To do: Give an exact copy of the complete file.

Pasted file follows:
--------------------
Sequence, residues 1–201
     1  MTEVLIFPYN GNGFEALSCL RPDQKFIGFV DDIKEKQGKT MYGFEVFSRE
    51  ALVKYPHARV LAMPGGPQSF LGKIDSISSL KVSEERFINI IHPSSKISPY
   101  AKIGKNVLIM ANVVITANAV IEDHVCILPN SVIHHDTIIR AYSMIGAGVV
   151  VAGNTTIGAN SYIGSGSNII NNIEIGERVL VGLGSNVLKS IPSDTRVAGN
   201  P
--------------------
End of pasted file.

Sequence, residues 1–201
     1  MTEVLIFPYN GNGFEALSCL RPDQKFIGFV DDIKEKQGKT MYGFEVFSRE
    51  ALVKYPHARV LAMPGGPQSF LGKIDSISSL KVSEERFINI IHPSSKISPY
   101  AKIGKNVLIM ANVVITANAV IEDHVCILPN SVIHHDTIIR AYSMIGAGVV
   151  VAGNTTIGAN SYIGSGSNII NNIEIGERVL VGLGSNVLKS IPSDTRVAGN
   201  P